Government asked to ensure women are allowed to enter temples, and that this right is protected
Women can no longer be barred from entering temples in Maharashtra with the Bombay High Court yesterday holding that it is their fundamental right to go into places of worship, and the government’s duty to protect it.
The Bombay High Court bench told the government to issue orders to district collectors and superintendents to follow the law. File pic
Chief Justice D H Waghela and Justice M S Sonak were hearing a PIL filed by Pune-based women Vidya Bal and Nilima Vartak that challenged the entry of women in temples like Shani Shingnapur and Kartikeya temple in Pune.
“Freedom of religion is guaranteed by article 15 and 25 of the Constitution of India, and Maharashtra Hindu Places of Public Worship (entry authorisation) Act 1956 allows people of all ages without any gender biases to enter a temple,” said advocate Kalyani Tulankar, who represented the petitioners.
Advocate General of the State, Rohit Deo told the bench that the state was not in favour of any discrimination, in age or gender and it was ready to enforce the law as per the article.
Deo also told the bench that if the temples did not allow men in the sanctum sanctorum they will not allow women as well. “You don’t preempt anything, you should enforce the law and see to it that it is enforced. Issue orders to District Collectors and Superintendents to follow the law and see that fundamental rights of women are protected,” said Chief Justice Waghela.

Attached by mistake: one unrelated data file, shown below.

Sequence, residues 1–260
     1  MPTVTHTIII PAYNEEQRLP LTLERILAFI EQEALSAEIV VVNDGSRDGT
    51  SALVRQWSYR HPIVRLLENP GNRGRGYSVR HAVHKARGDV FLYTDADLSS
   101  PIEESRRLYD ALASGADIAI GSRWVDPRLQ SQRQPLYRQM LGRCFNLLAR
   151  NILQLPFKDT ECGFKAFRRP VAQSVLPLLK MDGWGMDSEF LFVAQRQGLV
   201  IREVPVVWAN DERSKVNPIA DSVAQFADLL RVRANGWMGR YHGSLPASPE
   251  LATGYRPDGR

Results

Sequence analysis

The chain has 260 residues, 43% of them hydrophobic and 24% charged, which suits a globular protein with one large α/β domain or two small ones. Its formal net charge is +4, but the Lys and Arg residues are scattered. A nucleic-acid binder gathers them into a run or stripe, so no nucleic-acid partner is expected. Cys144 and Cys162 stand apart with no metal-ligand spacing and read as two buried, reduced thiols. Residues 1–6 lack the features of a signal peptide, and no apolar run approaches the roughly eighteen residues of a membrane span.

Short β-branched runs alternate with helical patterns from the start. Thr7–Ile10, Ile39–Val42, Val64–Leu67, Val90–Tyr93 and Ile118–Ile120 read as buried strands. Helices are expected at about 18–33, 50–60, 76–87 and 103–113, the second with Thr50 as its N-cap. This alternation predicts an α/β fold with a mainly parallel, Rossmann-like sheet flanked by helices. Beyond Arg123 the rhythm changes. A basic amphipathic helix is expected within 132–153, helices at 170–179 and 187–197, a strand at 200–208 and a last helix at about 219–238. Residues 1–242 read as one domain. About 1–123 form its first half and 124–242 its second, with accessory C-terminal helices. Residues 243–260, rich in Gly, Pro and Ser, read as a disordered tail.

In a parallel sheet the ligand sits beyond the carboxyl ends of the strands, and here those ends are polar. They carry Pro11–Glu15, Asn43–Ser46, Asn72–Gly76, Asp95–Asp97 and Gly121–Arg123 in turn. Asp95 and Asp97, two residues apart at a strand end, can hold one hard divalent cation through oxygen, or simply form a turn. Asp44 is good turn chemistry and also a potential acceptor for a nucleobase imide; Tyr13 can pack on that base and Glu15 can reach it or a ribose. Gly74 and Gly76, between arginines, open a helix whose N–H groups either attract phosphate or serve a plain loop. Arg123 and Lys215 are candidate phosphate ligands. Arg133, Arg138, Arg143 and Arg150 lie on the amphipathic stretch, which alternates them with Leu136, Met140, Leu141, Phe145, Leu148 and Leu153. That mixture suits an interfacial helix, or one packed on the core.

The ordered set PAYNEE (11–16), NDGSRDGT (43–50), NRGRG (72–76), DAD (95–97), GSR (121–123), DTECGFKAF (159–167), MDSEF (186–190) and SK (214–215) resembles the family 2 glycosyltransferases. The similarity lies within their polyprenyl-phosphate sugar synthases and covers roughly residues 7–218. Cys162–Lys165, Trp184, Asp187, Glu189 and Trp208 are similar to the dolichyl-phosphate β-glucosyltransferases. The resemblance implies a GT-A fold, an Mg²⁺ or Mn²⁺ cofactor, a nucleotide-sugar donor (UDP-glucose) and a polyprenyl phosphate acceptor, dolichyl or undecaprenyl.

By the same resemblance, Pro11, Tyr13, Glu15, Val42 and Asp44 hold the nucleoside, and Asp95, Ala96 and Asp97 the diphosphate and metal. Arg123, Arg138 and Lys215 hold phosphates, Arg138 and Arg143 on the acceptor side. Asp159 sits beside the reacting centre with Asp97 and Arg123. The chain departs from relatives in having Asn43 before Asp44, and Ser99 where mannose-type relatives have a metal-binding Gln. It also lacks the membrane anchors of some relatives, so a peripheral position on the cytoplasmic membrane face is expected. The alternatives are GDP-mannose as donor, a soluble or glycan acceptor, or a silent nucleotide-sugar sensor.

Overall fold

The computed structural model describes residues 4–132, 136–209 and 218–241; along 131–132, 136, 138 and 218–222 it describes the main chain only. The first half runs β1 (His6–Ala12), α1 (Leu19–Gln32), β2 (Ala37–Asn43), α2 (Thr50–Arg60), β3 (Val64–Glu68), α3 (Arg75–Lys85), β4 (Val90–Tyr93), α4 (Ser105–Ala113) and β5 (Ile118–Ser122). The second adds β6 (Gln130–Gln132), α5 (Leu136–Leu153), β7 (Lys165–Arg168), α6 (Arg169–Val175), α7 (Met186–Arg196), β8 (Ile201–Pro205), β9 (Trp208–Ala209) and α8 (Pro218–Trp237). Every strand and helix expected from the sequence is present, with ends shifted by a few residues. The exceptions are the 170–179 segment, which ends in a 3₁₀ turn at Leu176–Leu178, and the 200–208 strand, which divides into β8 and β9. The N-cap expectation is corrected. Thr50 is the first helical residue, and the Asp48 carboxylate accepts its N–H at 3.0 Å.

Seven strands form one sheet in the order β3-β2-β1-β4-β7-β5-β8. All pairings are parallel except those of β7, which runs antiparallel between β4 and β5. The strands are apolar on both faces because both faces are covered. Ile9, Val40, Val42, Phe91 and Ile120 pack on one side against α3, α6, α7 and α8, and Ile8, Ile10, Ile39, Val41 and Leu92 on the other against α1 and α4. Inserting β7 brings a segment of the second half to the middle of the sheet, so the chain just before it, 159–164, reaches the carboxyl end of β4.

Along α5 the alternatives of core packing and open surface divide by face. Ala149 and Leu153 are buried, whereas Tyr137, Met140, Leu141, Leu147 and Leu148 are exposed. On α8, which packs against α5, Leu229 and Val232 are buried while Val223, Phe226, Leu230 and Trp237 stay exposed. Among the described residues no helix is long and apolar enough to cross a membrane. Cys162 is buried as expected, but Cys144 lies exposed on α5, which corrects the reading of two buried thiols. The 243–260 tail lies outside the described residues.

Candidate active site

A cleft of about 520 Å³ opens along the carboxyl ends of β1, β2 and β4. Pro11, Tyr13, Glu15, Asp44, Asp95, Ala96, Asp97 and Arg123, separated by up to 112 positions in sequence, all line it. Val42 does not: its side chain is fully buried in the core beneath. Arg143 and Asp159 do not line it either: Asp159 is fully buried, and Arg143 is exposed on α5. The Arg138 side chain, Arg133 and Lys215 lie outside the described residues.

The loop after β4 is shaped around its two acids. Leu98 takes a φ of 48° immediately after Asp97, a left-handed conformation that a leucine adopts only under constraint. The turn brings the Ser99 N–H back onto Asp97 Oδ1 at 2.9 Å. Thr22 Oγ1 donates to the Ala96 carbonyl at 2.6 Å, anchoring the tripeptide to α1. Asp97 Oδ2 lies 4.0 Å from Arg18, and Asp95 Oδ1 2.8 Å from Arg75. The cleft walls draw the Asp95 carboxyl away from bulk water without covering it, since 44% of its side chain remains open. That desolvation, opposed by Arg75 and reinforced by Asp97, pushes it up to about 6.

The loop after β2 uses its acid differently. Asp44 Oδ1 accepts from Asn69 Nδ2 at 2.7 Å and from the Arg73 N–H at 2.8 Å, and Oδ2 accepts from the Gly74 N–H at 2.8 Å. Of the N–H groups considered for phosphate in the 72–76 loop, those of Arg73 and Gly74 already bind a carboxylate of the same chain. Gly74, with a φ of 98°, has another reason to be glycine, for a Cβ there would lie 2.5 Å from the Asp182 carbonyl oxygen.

“The Maharashtra government shall take all necessary steps to implement the Act. Ultimately it is the fundamental right of a woman and your (government’s) fundamental duty to protect this right,” Chief Justice Waghela added.
The Shani Shingnapur Trust has stopped allowing men also to enter the sanctum sanctorum of Lord Shanidev. “We will be challenging that also soon. This is the first victory for us and we are hopeful we will win more battles. The act is 60 years old and this is the first time it will be implemented,” said advocate Nilima Vartak.
In the previous hearing on Wednesday the bench had said, “Instead of providing protection for enforcement of law, you are enforcing Section 144 of CrPC, prohibiting entry of women in temples. You have to protect them and make sure that they have equal rights, same as men to worship. If any trustee or pujari is creating a problem, you should make sure he is taken to task. You should make sure law and order is maintained. Issue circulars to all collectors and police officers about the entry of women in all Hindu shrines, except private ones,” observed the bench. “For entering a temple, they should not come to the High Court.”
— Inputs from Agencies